It is now the tail end of the king run and only the stragglers remain. But now the summer chum are here, flowing east beneath our boat in their spawning colors of green and red, and next will come the pinks, and then the silvers, and then the sockeye, and then last the autumn chum. Most of the kings that have not been caught, or turned off the Yukon up the tributaries to breed, will be in Canada by now. Kings travel fifty miles a day; for us, going downriver, fifty miles is exceptional, and we’re still eating three meals a day.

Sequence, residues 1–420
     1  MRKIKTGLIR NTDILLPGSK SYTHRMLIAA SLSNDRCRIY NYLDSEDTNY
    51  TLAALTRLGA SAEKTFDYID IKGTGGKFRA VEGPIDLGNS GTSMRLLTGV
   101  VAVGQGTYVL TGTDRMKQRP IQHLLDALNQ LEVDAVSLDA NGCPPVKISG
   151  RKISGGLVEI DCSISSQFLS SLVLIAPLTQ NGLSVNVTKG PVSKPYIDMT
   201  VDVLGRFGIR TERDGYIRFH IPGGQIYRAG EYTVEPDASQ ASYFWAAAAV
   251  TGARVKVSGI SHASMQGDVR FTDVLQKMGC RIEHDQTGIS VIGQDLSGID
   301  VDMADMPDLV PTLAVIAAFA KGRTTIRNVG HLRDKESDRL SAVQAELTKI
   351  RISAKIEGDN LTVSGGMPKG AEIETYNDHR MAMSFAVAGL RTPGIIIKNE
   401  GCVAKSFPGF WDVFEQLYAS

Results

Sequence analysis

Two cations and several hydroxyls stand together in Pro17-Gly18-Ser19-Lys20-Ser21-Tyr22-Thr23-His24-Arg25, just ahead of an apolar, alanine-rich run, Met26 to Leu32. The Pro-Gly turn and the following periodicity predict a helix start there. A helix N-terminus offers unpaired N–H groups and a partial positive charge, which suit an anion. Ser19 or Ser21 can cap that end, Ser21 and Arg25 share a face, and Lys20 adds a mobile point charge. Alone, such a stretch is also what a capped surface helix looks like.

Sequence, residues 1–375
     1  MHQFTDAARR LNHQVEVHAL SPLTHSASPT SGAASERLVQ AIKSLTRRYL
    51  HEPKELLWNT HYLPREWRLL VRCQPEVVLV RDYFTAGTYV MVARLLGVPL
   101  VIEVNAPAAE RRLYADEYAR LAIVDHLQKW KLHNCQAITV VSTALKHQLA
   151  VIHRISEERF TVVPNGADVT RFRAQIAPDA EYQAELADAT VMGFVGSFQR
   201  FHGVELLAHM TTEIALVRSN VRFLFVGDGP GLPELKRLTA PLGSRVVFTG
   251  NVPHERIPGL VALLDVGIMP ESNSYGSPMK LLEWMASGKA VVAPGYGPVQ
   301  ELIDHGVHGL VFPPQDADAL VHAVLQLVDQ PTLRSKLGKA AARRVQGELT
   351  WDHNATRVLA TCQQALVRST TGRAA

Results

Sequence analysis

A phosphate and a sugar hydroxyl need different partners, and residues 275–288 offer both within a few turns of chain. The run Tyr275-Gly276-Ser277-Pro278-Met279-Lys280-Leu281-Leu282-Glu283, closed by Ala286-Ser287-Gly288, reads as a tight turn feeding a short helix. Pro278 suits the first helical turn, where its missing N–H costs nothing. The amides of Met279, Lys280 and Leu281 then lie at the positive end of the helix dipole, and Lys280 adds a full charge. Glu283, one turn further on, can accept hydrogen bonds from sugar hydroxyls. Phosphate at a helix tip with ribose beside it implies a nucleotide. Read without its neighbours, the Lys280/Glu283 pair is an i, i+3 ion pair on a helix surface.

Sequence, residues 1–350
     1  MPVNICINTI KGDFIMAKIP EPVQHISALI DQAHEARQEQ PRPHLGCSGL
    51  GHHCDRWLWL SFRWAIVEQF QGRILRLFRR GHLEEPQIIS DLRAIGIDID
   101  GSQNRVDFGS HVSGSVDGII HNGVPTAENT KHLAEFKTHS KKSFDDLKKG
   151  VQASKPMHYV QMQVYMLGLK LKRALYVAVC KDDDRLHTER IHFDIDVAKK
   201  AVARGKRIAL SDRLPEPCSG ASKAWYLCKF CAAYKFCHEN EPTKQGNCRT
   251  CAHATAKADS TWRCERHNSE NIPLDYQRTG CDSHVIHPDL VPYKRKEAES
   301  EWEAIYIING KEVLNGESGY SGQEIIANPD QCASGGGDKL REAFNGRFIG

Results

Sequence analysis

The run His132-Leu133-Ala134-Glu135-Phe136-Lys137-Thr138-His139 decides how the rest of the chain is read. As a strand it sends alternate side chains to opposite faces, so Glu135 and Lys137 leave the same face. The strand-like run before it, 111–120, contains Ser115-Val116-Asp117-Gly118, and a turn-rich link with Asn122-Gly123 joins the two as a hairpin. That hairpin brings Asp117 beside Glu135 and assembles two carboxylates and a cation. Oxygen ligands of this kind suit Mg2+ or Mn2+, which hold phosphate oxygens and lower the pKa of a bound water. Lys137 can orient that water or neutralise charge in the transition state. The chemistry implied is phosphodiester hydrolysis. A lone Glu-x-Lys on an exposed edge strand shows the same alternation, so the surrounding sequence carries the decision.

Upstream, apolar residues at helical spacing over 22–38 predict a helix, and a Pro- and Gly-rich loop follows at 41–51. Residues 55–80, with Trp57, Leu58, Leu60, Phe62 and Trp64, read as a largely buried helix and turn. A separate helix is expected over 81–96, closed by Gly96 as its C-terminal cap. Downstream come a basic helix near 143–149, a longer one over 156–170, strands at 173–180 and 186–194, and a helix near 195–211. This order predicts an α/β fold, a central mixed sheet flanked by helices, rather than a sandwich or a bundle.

Although that could be what slows us down. Half the boat is full of food. We bake bread and cook tagines, bulked up with wilted dandelions. In the mornings there are pancakes with wild raspberries, in the evenings there are fish chowders and elaborate stews of donated moose meat and of cabbage, cooked over the fire, rounded off with rhubarb crumbles. And then there is the salmon, which everyone wants to share, despite their smoke- houses being half empty this summer. When we stay with people they press it on us, and when we leave they fill our bags: with whole fish and filets, heads and bellies, smoked and half smoked, canned and dried. One afternoon a man pulls up alongside us in his skiff, hands us two Ziplocs stuffed with dried strips, to welcome us, he says, and races off down the river. We snack on it as we paddle, until we are so oily it becomes part of our odor, and in the evenings we roast it, grill it, fry it, or slice it thin for sushi. I do occasionally consider the ethics of investigating a fish’s decline while stuffing my face with it. It is in these moments, by the fire in the evening, the day over with, the dishes done, when I feel the journey most acutely: the simplicity of it, of days that feel full, and fully used by the day’s end.